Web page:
|Author: ||E.S. Runkle|
|Keywords: ||benzyladenine, cytokinins, gibberellic acid, light, potted plants, temperature|
Phalaenopsis, Doritaenopsis, and their related hybrids are the most common commercially produced flowering potted orchids.
Temperature regulates flower initiation and development of Phalaenopsis; inflorescence initiation (sometimes referred to as spiking) occurs in mature plants after at least 2 to 4 weeks of temperatures below 26°C under otherwise favorable conditions.
Flowering of many hybrids is increasingly delayed as the daily duration at ≥28°C increases and can be completely suppressed with extended high-temperature exposure.
Once an inflorescence has developed, time to open flower is a function of temperature and variety.
Exogenous application of gibberellic acid (GA) can be used to increase inflorescence length, but more commonly, chemicals that inhibit the biosynthesis of active GA are used to suppress inflorescence elongation.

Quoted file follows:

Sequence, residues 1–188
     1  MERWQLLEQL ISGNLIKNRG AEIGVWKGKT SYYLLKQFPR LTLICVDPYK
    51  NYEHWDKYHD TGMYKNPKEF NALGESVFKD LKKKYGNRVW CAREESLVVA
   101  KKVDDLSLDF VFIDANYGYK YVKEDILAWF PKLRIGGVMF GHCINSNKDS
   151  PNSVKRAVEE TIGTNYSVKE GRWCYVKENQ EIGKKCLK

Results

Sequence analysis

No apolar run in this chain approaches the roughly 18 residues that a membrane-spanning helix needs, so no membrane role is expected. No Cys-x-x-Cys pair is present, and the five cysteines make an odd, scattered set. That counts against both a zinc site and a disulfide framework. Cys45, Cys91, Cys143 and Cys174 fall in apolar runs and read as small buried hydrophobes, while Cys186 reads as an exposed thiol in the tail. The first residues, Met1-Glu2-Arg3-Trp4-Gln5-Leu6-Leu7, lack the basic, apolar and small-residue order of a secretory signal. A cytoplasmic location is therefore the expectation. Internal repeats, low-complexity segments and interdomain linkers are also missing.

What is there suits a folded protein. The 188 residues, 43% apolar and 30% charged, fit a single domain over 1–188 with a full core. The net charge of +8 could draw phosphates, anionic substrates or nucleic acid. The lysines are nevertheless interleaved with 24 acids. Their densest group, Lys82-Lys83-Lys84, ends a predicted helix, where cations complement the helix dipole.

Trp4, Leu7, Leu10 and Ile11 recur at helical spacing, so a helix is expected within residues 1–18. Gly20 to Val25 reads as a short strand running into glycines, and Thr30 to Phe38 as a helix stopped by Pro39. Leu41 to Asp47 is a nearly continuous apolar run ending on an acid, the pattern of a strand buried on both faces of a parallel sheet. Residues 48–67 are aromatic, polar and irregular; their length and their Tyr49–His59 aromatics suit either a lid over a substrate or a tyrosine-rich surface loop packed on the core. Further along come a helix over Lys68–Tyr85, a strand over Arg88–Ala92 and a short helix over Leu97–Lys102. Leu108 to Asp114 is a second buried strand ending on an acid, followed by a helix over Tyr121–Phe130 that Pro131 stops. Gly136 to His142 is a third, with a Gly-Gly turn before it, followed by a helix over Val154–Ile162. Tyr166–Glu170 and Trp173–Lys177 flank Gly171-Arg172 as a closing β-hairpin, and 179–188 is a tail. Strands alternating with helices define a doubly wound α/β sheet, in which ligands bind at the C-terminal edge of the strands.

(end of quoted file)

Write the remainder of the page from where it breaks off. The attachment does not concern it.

In addition, cytokinins such as benzyladenine can increase inflorescence number of Phalaenopsis when applied near the onset of exposure to inductive temperatures.
However, in some hybrids, inflorescences can develop abnormally if cytokinins are applied at an excessive rate or after flower initiation.
Collectively, commercial producers of Phalaenopsis and their related hybrids can manipulate flowering by controlling temperature and applying chemicals that influence endogenous hormone levels to produce architecturally desirable and floriferous plants for predetermined market dates.
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